So was it worth it? Given the potential implications for long-term sensorial damage, an audiologist’s assessment would probably conclude no, but having been shaken to my spinal core by a dazzling thunderstorm of drum, guitar and keys for forty minutes it would be difficult to answer anything else but one big, fuck off, yes.
Bound by a decidedly shaky patchwork of bricks and mortar, the dimly lit cavern of Studio 24 is perhaps not the safest of settings for such an oscillating spectacle of sound, and as the Ohio-born trio take to the floor, the gathering hordes look distinctly uneasy amidst these brittle surroundings. Of course, they have every right to worry, because what unfolds is a pneumatic air strike of noise intent on drilling everything before it into the ground as shards of shattered bone.Immediately penetrating temples with a Krakatau-like combustion of decibels, the group charge into their melody-strewn brand of dirtbag punk-scuzzery like a searing hot poker lusting after the acrid smell of burning flesh. Few pleasantries are exchanged between turbo-boosting air-slicers like the rambunctious ‘(My Head)’ or the fuzz-flurried ‘The Early 80s’, but then again I don’t suppose you’re likely to discuss the picturesque splendour of Edinburgh Castle when you’re throttling your prey to within an inch of its life.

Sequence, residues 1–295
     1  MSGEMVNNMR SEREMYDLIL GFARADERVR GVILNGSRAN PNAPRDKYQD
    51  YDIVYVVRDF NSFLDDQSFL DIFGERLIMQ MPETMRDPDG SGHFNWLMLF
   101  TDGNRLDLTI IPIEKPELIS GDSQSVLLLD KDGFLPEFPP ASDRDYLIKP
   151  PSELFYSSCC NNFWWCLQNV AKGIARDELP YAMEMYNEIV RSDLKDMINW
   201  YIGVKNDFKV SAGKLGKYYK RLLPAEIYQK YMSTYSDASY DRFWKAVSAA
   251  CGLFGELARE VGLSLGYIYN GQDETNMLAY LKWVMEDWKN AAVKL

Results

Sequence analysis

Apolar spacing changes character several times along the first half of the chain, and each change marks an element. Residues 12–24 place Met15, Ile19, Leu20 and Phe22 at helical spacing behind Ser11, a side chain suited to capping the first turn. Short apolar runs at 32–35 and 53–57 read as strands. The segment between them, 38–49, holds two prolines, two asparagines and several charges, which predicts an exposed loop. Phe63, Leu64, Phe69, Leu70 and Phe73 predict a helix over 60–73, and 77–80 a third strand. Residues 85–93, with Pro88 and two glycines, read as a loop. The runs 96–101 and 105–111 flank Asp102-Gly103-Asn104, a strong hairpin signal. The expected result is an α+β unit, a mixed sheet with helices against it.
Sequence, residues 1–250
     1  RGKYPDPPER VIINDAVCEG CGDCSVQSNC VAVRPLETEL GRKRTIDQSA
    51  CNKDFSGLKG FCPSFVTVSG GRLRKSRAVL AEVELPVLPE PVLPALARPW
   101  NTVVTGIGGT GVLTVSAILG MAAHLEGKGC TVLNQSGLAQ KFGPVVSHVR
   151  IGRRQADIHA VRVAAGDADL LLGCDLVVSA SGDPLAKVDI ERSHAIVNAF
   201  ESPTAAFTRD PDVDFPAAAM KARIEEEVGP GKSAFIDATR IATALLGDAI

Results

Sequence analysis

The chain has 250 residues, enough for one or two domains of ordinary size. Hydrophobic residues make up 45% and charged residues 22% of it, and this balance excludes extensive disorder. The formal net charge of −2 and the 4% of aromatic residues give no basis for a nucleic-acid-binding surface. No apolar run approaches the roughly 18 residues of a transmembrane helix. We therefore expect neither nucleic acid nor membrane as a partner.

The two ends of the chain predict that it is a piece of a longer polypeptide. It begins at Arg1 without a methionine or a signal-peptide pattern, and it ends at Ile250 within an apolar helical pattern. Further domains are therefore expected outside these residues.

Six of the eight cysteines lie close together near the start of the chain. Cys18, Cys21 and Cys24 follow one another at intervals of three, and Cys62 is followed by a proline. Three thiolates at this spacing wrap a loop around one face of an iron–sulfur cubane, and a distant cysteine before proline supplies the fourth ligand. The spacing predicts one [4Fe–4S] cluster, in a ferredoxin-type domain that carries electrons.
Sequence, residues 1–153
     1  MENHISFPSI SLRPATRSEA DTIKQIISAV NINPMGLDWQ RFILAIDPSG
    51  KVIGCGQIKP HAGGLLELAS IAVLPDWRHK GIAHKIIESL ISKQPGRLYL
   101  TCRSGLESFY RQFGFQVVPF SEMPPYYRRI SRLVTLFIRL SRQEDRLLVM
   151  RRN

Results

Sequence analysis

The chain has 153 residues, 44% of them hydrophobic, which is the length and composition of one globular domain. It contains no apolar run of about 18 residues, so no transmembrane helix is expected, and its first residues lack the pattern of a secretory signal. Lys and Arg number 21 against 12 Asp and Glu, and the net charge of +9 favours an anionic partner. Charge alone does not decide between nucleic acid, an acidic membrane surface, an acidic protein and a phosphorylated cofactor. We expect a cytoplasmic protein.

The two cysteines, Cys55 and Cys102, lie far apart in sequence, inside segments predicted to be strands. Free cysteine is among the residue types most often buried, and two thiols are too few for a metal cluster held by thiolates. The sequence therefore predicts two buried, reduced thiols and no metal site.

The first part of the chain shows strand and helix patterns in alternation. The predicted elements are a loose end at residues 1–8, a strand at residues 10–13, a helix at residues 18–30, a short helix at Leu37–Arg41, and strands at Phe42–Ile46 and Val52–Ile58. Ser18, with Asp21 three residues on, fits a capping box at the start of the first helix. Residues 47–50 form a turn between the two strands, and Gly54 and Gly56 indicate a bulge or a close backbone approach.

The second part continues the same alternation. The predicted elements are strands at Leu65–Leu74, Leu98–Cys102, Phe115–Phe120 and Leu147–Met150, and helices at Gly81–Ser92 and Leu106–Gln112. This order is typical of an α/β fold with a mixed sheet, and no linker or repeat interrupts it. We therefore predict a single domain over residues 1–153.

As intent as they are on sprinting through this riotous sneer of a set, the group are clearly keen to show-boat their rapid-fire abilities. Drummer Adam Elliot is a hair-flailing beast of a percussionist, pounding his skins like an amphetamine-frazzled Tasmanian devil as he somehow spews out a croak of indecipherable vocals into his mic. But for all Elliot’s hi-NRG endeavours its Beth Murphy’s un-tameable limb contortions and pirouetting keys that steal the show; transforming feedback-dazed cutlets like ‘The Apt’ and ‘Faces On Fire’ into rainbow-blotted dashes of translucent melody, albeit with a rather abrasive, head-severing edge.And this, in the most basic of marketing terms, is Times New Viking’s unique selling point: underneath the brazen mesh of rattle and drone lies a warm-hearted interior glazed with coatings of unaffected pop splendour. For some, the ringing may never quite cease but as tonight’s crowd ventures out onto Auld Reekie’s streets all thoughts of hearing aids are far from those hedge-draggled minds. After all, one man’s noise is another man’s nous, no matter what your audiologist may say.